Why does drawing matter?
Drawing and other visual methods such as collage have an important role to play in every discipline, not just those such as art and design with which they are usually associated, but in science, social sciences, clinical education and many other subjects.
Some of the most common potential functions of drawing include:
- Observational drawing – to sharpen perception and make rapid and accurate records of key data in almost any situation.
- Conceptual drawing and diagramming – helps students visualise ideas and processes, compare their understanding and develop critical thinking skills and revise and reinforce their learning
- Collaborative drawing and image making activities – can develop communication skills, encourage reflection on experience, professional and personal development planning.
These resources build on award-winning projects and research carried out at the University of Brighton, and offer a range of ideas from staff and students for using visual approaches to support your learning whatever your programme of study, Creative activities can also contribute to general well being So even if you think you can’t draw, or that it’s irrelevant to your subject, do have a go. For instance, you could try keeping a visual diary, make sketch notes or mini-zines to help capture key ideas or just take 5 minutes a day to focus on something new. To view all posts in this category click the link below.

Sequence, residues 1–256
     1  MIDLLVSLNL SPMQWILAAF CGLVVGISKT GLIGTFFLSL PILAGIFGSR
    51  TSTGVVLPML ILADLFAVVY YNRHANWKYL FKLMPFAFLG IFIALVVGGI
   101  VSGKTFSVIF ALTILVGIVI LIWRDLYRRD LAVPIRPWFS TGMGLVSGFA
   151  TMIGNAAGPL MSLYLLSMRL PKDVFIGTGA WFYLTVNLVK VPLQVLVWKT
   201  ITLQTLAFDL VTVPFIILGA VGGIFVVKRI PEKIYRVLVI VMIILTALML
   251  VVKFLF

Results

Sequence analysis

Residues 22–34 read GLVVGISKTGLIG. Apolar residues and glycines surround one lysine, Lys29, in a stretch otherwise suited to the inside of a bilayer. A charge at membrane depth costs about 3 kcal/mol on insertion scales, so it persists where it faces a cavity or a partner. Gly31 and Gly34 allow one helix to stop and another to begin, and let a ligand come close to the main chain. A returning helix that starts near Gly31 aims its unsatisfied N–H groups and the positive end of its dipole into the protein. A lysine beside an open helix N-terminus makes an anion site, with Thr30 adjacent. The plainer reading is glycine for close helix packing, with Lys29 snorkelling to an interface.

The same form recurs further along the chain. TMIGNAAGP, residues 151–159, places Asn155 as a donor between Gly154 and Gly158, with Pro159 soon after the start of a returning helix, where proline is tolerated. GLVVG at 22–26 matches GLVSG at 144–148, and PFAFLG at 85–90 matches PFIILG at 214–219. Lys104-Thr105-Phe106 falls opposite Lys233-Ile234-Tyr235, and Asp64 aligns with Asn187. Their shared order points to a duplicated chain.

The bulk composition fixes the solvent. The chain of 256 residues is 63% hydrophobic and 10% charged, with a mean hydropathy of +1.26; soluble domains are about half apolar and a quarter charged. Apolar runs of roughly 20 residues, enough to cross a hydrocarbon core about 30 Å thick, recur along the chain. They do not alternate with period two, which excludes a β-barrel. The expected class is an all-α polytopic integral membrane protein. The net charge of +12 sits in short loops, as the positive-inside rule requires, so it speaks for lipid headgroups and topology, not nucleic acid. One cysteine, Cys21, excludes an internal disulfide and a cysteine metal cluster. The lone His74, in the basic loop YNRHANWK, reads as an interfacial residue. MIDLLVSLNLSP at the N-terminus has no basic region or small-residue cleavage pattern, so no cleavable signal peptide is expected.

Drawing to Learn Booklets
These booklets were written to encourage academic staff to make use of visual approaches in their teaching. Each title is addressed to a broad cluster of disciplines and offers a brief introduction to the ways in which drawing and other visual methods may be used to support undergraduate and postgraduate learning and research.
You can download the booklets via the links below.
- Drawing to Learn: Arts & Humanities
- Drawing to Learn: Business, Education, Law, Management & Social Science
- Drawing to Learn: Clinical Education, Health and Social Care
- Drawing to Learn: Science, Technology, Engineering and Mathematics
We hope the ideas and examples will encourage lecturers and supervisors to explore the possibilities in their own teaching. Please contact Pauline Ridley firstname.lastname@example.org if you would like to discuss this in more detail.
- Drawing Together Drawing to Learn BelongatBrighton – a resource for teaching staff, produced as part of the Belong at Brighton initiative, with some simple short drawing activities to be used with groups of new students during the transition to university studies.
- Frankel, F.C. Picturing science and engineering. MRS Bulletin 45, 994–998 (2020) reflects on several aspects of visual communication in science. Scroll down to the section on “Undergraduate Education” for a brief discussion of the Picturing to Learn project with science students and faculty from Harvard, MIT, Duke University and Roxbury Community College. Assessment tasks enabled undergraduate students to clarify their own understanding of scientific concepts and processes by making freehand drawings to explain these concepts to non-experts.
- Lots of drawing ideas, exercises and techniques at the AccessArt website
- Field sketches and how to draw them
- Techniques for drawing botanical subjects under the microscope
- Mida, I The Curators Sketchbook Reflections on Learning to See